Mercer’s response to the UK Government’s call for evidence in the role of decumulation in DC 

Millions more savers have joined defined contribution (DC) schemes over the past decade, from 2.3 million in 2012 to over 26.3 million today, in a trend driven by the auto enrolment legislation.

With greater numbers of people facing important decisions about their retirement, the Government recently sent out proposals that would require schemes to offer decumulation options to members when they are considering how and when to access their pension savings.

The Department of Work and Pensions is also envisaging these suggested arrangements – either made in-scheme or externally via a third party – will serve as the default solution for members who do not choose an alternative option. Such arrangements might also include an offer of a collective defined contribution (CDC) income in retirement. It should be noted this specific consultation is one of several supporting the Government’s wider agenda of encouraging investment in alternative illiquid assets, with smaller schemes potentially consolidating into larger entities. 

Below we provide a summary of Mercer’s response to the call for evidence in relation to DC pension fund decumulation. 


  • Mercer supports the proposal’s aim of offering retirees decumulation solutions, with this as the default arrangement if members are unable or unwilling to make their own choice. Such a solution is needed as, unfortunately, helping savers make well-informed decisions and access better-value products in retirement has been a long-neglected area of DC.
  • We also find the timing of this proposal advantageous. Ongoing developments in the market around digitisation and advice could help facilitate the rollout of such a solution.
  • While we acknowledge CDC may make a valuable contribution to decumulation tools, it will likely take time to integrate this into the mainstream market. Therefore, we suggest the Government accelerates its efforts around these proposals rather than delaying until CDC becomes a widely available option.
  • At Mercer, we believe new legislation will be required to make these proposals work, rather than simply relying on further guidance from The Pensions Regulator. This would  make the proposals harder to ignore, as many schemes do not grant trustees unilateral power to establish decumulation arrangements.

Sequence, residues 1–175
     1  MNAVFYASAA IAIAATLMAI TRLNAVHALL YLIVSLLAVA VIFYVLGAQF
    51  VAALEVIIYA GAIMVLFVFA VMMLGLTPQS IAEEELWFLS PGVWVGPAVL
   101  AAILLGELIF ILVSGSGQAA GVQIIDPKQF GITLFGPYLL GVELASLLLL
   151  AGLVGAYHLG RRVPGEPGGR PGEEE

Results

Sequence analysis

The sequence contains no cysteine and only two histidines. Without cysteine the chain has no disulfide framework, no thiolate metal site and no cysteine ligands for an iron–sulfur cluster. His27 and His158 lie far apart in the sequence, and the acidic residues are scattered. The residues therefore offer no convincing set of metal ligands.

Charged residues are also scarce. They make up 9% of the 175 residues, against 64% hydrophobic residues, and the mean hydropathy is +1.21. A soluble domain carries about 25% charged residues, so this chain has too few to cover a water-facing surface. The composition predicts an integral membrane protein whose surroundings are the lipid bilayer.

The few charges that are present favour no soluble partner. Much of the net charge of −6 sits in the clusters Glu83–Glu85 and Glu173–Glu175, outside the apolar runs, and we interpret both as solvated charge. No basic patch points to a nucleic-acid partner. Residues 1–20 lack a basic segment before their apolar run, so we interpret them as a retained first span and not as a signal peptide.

• In addition to enforcing such proposals in law, new legislation could also better define the extent of trustees’ duties and potential liability for everything related to decumulation arrangements.
  • Mercer believes this is a valuable opportunity for the government to do more. In addition to the slated proposals, we want to see the government provide clearer information to help trustees distinguish between guidance and advice. This is because the proposed changes will likely result in communications with retirees becoming far more extensive and probably include signposting specific scheme features.
  • As communication with members is such a crucial issue, we also believe this would be a good opportunity to provide further clarity on the Privacy & Electronic Communications Regulations and their potential impact.
  • Mercer also believes consideration should be given to how such decumulation arrangements will apply to hybrid schemes, rather than leaving it to these schemes to tackle the issue without guidance. It is important policymakers remember that hybrid schemes do not always have the option of consolidating into a larger scheme. 

For more information on Mercer’s response to the Government’s calls for evidence and other consultations please contact Jonathan MacPherson at

Gail Philippart
Emma Whitaker
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